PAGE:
THORNBURGH......................A Monument To A Dog's Life,
a dog named for Major Thomas Tipton Thornburgh, killed on the
29 September 1879 in a Ute Indian Uprising in Rio Blanco County,
Colorado at White Indian Agency. A true story.
Thomas Tipton Thornburgh was born in 1843 in New Market, Tennessee
He had married Eliza Jane Clark and they were the parents of one son,
Robert Montgomery Thornburgh. Major Thornburgh was in charge of
a fort in Rio Blanco County, Colorado near where the "Thornburgh
Massacre" occurred on the White River Indian Agency.
Here's a tale about a dog. It's one of those fabulous stories that
will live as long as there are old timers to tell them.
Story by Albert Cooper Allen, 1894.
"On Aug. 27, 1894, I visited Fort Bridger, Wyoming. It had been abandoned
for several years and was deserted. The buildings falling into decay and
being torn down. But, over near the old stables, was a small grave
inclosed in a fence of white palings, shaded by a weeping willow tree.
In all this scene of desolation it was the only place that appeared to
have been cared for and kept in good condition. It appeared to be the
grave of a child, but the strange epitaph puzzled us. On the stone was
engraved a picture of a reclining dog. The inscription read:
It was shortly after my return from the visit in 1894 when a civilian
teamster employed at Fort Douglas, where I was then living, heard me
telling about it, that it was the grave of his dog. I got it little
by little and, often, the old man's eyes filled with tears and his
voice choked as he told of his beloved dog.
Trouble With Indians
It was in 1879. There was trouble at the White River Indian Agency
in Colorado. Meeker the agent, was in grave danger from the Indians.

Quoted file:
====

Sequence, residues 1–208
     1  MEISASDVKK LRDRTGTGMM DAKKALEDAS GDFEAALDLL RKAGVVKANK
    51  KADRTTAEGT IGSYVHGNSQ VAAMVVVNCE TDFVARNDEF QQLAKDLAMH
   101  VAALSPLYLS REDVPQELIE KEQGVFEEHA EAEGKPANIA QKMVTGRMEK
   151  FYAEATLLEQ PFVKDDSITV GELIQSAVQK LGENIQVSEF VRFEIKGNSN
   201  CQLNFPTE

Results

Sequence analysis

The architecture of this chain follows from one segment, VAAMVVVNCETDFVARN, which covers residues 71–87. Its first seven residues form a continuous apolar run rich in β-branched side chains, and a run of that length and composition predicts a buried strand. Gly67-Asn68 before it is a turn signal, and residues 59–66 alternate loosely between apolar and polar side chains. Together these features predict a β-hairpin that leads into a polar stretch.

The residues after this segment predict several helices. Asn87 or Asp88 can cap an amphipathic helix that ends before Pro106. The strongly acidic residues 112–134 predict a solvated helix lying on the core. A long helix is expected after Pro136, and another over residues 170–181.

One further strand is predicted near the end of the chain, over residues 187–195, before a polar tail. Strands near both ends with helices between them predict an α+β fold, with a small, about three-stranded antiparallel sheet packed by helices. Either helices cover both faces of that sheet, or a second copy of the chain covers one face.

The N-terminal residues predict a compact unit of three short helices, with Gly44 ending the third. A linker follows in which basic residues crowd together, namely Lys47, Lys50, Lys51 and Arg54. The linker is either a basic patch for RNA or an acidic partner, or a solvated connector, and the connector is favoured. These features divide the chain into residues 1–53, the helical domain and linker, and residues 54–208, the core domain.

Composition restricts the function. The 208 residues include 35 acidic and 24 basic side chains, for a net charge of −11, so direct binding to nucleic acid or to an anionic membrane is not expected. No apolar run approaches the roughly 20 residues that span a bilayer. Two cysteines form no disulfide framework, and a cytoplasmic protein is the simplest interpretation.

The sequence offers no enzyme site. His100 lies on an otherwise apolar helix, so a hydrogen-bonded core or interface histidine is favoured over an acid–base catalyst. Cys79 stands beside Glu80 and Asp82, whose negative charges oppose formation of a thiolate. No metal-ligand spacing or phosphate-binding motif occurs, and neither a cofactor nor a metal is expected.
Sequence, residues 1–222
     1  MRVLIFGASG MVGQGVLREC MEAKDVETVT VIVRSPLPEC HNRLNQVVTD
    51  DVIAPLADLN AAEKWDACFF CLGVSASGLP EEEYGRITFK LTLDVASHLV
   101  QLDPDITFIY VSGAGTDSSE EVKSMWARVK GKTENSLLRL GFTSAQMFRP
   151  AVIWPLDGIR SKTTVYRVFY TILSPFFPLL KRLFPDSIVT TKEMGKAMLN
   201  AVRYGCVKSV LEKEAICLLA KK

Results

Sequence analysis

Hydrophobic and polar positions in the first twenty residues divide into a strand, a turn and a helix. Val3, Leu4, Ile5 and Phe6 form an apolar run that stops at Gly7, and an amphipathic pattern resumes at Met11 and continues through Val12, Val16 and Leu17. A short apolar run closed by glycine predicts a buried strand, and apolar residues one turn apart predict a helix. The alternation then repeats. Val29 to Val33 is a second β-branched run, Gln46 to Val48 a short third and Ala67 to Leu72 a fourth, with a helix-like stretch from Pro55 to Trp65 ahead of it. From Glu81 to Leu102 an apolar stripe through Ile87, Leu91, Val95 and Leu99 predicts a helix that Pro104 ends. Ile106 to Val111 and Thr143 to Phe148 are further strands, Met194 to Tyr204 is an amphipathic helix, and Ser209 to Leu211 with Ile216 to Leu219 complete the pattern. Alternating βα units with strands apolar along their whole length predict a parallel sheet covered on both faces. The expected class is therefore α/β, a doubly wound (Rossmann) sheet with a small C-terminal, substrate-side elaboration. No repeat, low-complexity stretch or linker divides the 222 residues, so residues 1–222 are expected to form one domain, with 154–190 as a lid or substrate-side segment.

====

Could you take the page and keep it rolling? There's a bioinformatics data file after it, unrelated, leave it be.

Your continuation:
So, a command of troops under Major T. T. Thornburg, with a wagon train,
was ordered to the scene of hostilities. On the 29th of September,
Major Thornburgh and his command entered a small canyon on Milk Creek,
some 20 miles from the White River agency. A force of 300 Utes....
far outnumbering the troops...knowing of his approach, secreted them-
selves in almost impregnable positions above the canyon.
As the soldiers entered, the Indians opened fire. In the fight which
ensuded, Major Thornburg was killed and Capt. Payne took command and
withdrew to the wagon train. But, when they arrived, they found that
every man with the train had been killed, the animals slaughtered or run
off and the wagons set on fire. This has often been called "The
After the fight, soldiers were set to work clearing up, salvaging
what they could and burying their dead. It was during this operation
that the body of a female dog was found with a little puppy yelping
it's heart out beside her. He was named "Thornburgh" after the gallant
At first, Thornburgh was regarded merely as an ordinary dog and attracted
no more attention than any other dog. He grew like all other dogs do
and it was not long before he was living contentedly with his soldier